6 Myths about Congenital Heart Disease
Learn more about Atrial Septal Defect.
The staff of the Adolescent and Adult Congenital Heart Disease Program at Nationwide Children's Hospital are experts in caring for patients with Atrial Septal Defects (ASD) and other congenital heart diseases. Our program is comprised of experts with an understanding of congenital heart disease as well as patient care after surgical or specialized transcatheter therapy. A full range of diagnostic and treatment capabilities are available to our patients.
The normal human heart is responsible for efficiently receiving and pumping blood. Proper blood flow is vital to health because the body’s tissues rely on the blood to carry nourishment (oxygen, glucose) and remove waste products (carbon dioxide). Under normal conditions, the cardiovascular system (heart, blood vessels) contains two separate circulatory systems - venous (right) and arterial (left). Venous (deoxygenated, blue) blood returns from the body to the right atrium.
Blood flows from the right atrium through the tricuspid valve into the right ventricle where blood is actively pumped across the pulmonary valve and into the pulmonary arteries. The main pulmonary artery divides into large right and left pulmonary arteries and then to small pulmonary arterioles. Adjacent to the small arterioles, numerous pulmonary air filled sacs. Within these small sacs, gases are exchanged. Waste products from the venous blood enter the air sacs and are removed from the pulmonary system when we breathe out (exhale). Oxygen that enters the lungs when we breathe in (inspiration) enters the small air sacs and diffuses into the blood. Oxygen-rich (red) blood returns from the lungs via pulmonary veins to the left atrium.
Muscular and connective tissues separate the right (blue blood) from the left (red blood) side of the heart. The heart is separated at the level of the receiving chambers (right and left atria) by the atrial septum, and at the pumping chambers (right and left ventricles) by the ventricular septum. Persistent opening between the atrial and ventricular septa in postnatal life is abnormal.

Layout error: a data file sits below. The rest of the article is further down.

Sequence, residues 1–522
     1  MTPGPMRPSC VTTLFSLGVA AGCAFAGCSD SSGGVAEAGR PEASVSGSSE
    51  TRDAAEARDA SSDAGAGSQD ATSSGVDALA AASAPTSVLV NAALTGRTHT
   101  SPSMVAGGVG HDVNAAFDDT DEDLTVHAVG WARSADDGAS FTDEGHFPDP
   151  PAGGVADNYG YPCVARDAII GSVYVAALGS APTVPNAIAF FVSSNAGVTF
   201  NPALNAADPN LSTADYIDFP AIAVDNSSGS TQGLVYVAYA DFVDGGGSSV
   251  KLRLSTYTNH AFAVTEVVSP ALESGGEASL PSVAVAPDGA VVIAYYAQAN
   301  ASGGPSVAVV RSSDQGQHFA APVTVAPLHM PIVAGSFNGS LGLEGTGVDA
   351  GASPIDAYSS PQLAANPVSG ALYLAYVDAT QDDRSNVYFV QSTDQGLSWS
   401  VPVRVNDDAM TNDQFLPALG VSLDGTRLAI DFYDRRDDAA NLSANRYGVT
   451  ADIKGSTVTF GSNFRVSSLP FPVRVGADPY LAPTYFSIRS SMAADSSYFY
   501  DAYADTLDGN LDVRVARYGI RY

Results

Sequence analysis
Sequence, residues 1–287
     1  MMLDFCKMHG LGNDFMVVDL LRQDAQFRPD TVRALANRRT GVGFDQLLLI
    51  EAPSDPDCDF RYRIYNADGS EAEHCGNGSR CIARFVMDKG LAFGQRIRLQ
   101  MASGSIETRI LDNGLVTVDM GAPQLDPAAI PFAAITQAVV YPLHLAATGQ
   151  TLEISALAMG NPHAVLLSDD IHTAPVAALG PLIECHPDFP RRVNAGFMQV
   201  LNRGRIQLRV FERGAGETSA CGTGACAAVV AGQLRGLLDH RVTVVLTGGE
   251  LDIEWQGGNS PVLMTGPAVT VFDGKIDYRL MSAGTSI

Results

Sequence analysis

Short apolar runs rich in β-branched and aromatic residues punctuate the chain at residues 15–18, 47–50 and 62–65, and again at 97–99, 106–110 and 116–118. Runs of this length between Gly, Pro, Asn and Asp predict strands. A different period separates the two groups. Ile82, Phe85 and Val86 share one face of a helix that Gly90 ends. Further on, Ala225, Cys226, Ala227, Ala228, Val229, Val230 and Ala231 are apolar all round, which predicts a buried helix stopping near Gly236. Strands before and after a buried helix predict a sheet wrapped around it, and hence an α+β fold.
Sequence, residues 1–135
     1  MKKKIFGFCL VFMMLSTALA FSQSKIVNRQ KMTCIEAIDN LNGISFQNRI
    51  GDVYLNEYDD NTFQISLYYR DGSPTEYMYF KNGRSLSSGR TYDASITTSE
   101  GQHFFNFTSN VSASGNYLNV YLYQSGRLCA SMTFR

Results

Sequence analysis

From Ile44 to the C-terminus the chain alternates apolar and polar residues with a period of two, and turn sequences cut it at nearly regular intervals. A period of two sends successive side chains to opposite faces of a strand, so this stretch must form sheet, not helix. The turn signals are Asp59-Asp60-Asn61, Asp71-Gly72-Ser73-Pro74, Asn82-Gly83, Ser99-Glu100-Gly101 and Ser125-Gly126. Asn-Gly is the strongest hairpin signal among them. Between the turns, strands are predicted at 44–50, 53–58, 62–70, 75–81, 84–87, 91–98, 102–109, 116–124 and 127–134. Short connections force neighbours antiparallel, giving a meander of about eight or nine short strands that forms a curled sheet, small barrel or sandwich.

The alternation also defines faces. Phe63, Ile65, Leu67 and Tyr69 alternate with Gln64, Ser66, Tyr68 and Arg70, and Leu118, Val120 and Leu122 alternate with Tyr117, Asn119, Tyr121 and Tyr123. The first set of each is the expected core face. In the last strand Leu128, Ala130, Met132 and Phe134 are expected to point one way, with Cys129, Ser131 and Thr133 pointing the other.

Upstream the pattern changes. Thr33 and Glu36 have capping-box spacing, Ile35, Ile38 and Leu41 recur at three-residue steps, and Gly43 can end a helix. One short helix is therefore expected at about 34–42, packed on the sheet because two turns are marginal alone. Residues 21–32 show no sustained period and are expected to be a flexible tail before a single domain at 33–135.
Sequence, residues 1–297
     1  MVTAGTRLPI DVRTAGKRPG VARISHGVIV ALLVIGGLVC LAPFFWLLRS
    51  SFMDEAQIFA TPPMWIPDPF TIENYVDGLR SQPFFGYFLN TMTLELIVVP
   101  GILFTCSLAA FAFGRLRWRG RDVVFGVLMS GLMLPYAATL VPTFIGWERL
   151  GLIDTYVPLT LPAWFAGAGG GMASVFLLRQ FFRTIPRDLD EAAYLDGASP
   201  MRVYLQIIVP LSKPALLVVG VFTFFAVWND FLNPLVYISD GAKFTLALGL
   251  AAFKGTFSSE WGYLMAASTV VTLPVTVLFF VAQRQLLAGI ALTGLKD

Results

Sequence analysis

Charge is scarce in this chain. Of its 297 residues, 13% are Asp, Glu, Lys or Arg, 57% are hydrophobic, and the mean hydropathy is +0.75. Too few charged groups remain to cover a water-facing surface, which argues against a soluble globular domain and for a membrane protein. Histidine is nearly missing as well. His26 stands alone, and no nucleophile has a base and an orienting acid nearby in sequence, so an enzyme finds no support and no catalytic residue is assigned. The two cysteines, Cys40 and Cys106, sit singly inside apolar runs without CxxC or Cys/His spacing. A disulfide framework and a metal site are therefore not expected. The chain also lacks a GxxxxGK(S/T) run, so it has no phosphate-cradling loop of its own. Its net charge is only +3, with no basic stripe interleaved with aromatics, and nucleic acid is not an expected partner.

There are three common types of atrial septal defect (ASD):
Passive blood flow through the heart is driven by pressure differences. Blood flows across heart valves or other orifices from one chamber from high to low pressure. In atrial septal defect, there is usually higher pressure in the left atrium compared to right atrium, thus blood flows (or shunts) from left to right. Medical/surgical recommendations for closure of the ASD depend primarily on characteristics of the defect itself (size, location), symptoms or limitations related to the defect, and preferences of the patient and physician.
Potential long-term consequences of atrial defects include:
In order to minimize the detrimental long term complications related to ASD (volume and pressure overload, serious arrhythmias) and to prevent embolic events, ASD closure is usually recommended for children and adults.
Symptoms and/or abnormal examination findings such as abnormal splitting of the second heart sound, murmur, abnormal cardiac impulse raise concern for ASD. Common symptoms include irregular or rapid heart rhythm, cyanosis (bluish nails and skin), shortness of breath with or without exertion, cough, dizziness, fainting, fatigue, swelling (hands, face or legs), lack of appetite. Adults with ASD are frequently asymptomatic with minimal physical manifestations of ASD, and ASD may go undetected for many years.
History and physical examination findings that raise suspicion of ASD are followed by one or more diagnostic/imaging tests. These include: echocardiography-transthoracic, transesophageal (TEE) and intracardiac echocardiography; angiography (cardiac catheterization); and magnetic resonance imaging (MRI).
ASD is two to three times more common in girls than boys. ASD may alone or as an associated congenital cardiac defect. Atrioventricular conduction defects, ventricular septal defect, tetralogy of Fallot, and a variety of complex cyanotic congenital heart disease defects have occurred with ASD. A family history/pedigree showing relatives from different generations with ASD raises strong suspicion of a genetic etiology. ASD is heterogenous (caused by more than one gene). ASD occurs in individuals with a variety of syndromic and genetic disorders including Down syndrome (trisomy 21) and the following Mendelian genetic mutations:
4p16 (EVC; Ellis van Creveld syndrome)
6q21.3 (ASD I, ASD II)
12q24.1 (TBX5; Holt Oram syndrome)
20p12 (JAG1, AGS, AHD; Alagille syndrome)
22q11.2 (velocardiofacial/DiGeorge syndrome)
Diuretics and antiarrhythmia medications may be needed to treat the symptoms of ASD, however definitive therapy requires closure of the ASD.
There are two approaches to ASD closure:
Read about Nationwide Children's role in a bloodless atrial septal defect repair (ASD) in an 8 month-old.